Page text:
The Two Types of Baltimore Sexual Harassment Claims
The Law Firm of J.W. Stafford | September 15, 2017
According to an August 2017 article in The Washington Post, a Maryland judge was reprimanded after a sexual harassment complaint was filed against him. The Prince George’s County Circuit Court judge was disciplined in 2016 after a former administrative assistant filed the complaint, according to a letter from the County’s administrative judge. However, the exact discipline imposed was not disclosed to the former employee or to the public.
In the complaint, the former employee accused the judge of subjecting her to a sexually-charged work environment from 2012 to the time her employment ended. For instance, the judge would allegedly call her when she was on vacation and let her know that he missed her. The judge also allegedly showed her graphic photographs and repeatedly commented on her physical appearance. She told him that his words and actions made her uncomfortable, but he allegedly continued.
After sending her complaint to the administrative judge, the former employee was transferred to another position. The spokeswoman for the Maryland Judiciary said that the judge’s reprimand was not public, but was kept a private matter. Therefore, no information about the alleged sexual harassment reprimand would be released.
What is Baltimore Sexual Harassment?
Sexual harassment can consist of sexual advances, unwelcome requests for sexual favors, and any other unwanted physical or verbal conduct of a sexual nature in the workplace. Sexual harassment is a form of sex discrimination, which is prohibited under Title VII of the Civil Rights Act of 1964.
Types of Baltimore Sexual Harassment
Generally, sexual harassment involves some type of unwanted sexual conduct. There are two main types of sexual harassment. The first type of sexual harassment is “quid pro quo” harassment. The second type of sexual harassment is commonly referred to as hostile work environment sexual harassment.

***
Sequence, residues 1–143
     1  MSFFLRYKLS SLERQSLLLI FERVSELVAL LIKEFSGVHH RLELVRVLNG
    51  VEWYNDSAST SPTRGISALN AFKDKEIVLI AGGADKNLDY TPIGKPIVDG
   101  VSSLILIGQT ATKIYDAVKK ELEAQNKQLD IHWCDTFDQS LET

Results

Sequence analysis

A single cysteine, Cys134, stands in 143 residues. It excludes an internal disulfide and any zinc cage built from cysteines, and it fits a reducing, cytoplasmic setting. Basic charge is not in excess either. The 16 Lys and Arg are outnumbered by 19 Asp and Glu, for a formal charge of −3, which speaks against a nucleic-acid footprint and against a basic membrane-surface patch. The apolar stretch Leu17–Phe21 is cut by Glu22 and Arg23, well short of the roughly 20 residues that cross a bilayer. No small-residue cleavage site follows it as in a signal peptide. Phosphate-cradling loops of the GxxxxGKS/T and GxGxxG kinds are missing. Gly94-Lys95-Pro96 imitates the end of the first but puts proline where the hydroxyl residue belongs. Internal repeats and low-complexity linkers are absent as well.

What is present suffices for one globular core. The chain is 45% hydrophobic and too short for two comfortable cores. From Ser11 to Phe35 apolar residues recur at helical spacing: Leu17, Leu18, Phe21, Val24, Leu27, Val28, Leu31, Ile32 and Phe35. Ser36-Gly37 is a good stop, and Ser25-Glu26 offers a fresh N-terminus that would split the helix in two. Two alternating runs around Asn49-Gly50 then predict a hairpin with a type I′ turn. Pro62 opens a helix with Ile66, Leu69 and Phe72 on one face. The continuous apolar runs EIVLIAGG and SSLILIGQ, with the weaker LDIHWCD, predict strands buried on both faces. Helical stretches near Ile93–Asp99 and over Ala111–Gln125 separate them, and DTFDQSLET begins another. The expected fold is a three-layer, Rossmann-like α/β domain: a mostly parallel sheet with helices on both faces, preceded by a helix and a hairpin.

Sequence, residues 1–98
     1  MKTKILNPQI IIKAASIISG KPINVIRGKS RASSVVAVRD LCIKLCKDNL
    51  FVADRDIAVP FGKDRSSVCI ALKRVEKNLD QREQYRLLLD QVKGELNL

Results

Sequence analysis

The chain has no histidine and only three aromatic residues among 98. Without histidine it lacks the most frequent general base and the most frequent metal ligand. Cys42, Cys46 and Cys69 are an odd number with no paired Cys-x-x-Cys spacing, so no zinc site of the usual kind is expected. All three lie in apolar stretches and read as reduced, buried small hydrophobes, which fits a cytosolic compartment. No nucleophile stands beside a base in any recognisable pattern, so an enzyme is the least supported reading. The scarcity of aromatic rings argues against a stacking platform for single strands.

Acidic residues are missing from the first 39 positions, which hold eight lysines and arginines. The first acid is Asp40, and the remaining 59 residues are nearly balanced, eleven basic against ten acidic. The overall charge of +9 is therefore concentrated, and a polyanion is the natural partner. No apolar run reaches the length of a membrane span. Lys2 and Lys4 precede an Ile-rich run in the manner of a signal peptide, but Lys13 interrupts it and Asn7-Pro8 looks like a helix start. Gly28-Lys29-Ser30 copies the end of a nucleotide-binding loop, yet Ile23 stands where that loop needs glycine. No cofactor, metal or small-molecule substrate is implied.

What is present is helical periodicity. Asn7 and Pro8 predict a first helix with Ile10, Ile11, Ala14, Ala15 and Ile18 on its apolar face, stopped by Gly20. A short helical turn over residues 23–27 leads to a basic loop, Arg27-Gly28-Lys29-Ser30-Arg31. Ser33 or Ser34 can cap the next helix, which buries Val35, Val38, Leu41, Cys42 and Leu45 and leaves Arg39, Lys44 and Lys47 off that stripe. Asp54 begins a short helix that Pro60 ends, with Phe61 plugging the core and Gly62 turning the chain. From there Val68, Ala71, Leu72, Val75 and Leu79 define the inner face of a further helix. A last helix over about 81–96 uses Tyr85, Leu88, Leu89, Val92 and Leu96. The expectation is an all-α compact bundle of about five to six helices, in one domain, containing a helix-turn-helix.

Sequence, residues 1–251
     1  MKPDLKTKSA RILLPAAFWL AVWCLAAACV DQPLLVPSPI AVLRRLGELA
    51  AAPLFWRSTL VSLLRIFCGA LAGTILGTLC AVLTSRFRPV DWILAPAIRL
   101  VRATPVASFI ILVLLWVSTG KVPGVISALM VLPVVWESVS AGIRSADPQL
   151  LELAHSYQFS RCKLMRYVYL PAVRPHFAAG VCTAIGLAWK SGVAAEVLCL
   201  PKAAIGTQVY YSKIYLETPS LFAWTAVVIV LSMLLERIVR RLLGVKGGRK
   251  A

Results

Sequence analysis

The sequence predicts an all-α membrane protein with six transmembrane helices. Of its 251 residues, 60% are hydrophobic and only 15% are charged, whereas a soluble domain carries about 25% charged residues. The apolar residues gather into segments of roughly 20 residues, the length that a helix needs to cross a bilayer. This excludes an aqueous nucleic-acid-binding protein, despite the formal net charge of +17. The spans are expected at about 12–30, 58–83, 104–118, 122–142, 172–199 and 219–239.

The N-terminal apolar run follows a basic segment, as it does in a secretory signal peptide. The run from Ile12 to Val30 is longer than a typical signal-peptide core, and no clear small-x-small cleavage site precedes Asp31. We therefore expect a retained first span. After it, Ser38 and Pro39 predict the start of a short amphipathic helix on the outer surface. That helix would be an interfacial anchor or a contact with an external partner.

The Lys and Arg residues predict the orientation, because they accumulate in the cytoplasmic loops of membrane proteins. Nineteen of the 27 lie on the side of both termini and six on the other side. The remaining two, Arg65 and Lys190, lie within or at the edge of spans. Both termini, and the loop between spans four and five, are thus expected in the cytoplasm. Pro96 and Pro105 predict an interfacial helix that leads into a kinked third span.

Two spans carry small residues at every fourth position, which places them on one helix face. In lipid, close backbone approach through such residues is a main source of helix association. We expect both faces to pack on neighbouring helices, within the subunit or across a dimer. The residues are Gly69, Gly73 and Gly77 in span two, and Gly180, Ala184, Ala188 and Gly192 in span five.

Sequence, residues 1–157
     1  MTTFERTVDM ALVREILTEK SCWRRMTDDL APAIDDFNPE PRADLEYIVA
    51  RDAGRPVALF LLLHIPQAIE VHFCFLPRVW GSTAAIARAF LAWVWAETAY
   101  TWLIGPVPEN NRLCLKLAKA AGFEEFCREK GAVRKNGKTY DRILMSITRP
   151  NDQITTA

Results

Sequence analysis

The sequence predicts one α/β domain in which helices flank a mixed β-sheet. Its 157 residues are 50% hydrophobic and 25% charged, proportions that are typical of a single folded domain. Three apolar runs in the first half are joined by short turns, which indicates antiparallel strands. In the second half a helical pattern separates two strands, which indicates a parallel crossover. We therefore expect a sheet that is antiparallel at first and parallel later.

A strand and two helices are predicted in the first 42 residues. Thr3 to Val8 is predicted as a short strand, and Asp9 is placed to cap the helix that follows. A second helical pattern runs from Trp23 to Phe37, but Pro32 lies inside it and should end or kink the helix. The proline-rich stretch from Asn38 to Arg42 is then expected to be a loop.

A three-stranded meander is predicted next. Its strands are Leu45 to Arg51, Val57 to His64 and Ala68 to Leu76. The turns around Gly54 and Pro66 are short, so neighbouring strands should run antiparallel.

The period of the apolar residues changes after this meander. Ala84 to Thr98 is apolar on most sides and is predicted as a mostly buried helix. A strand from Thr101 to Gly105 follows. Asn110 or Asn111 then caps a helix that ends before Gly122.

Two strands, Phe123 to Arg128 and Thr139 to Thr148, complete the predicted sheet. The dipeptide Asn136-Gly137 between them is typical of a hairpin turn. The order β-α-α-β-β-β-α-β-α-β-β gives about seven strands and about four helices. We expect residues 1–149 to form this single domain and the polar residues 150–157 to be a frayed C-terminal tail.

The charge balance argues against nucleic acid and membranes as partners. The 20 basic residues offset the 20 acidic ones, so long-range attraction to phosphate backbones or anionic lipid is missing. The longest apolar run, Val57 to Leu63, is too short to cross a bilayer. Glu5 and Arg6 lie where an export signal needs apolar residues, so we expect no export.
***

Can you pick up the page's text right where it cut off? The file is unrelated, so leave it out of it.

Quid pro quo harassment occurs when the harasser, whether an employer or supervisor, threatens an adverse action or offers preferential treatment based on the exchange of sexual favors. For instance, the employer may threaten adverse employment actions like termination, demotion, or discipline if the employee does not give in to his or her sexual advances. The employer or supervisor may offer to dole out preferential treatment if the employee gives in to the sexual advances.
One important thing about quid pro quo harassment is that the conduct complained of must be unwelcome. For example, very difficult questions arise when an employee and the alleged harasser were involved in a consensual sexual relationship for a period of time. Likewise, questions about whether the conduct was unwelcomed arise when the complaining employee participates in the sexual banter. These are all issues that can complicate a claim of sexual harassment, making the retention of legal counsel imperative.
On the other hand, hostile work environment sexual harassment refers to a work environment that is sexually charged. The employee may be demeaned, disgusted, or embarrassed by the following going on in the office:
- Continuous sexual comments;
- Continuous sexual jokes; or
- Showing sexual pictures
For a sexually hostile work environment to give rise to an actionable claim under Title VII, it must be both objectively and subjectively offensive. That is, a reasonable person would have to find the atmosphere hostile or abusive and, in fact, the plaintiff would have to subjectively perceive the environment as hostile or abusive.
Contact The Law Firm of J.W. Stafford, LLC About Your Baltimore Sexual Harassment Claim
You may love your job, but you can no longer endure the sexual harassment that happens at the office on a daily basis. You have the right to work in an environment free of sexual harassment and you could be entitled to receive damages connected to the harassment you have endured. Contact us immediately for help. Contact the attorneys at the Law Firm of J.W. Stafford via our website or via telephone at 410-514-6099.
(image courtesy of Benjamin Child)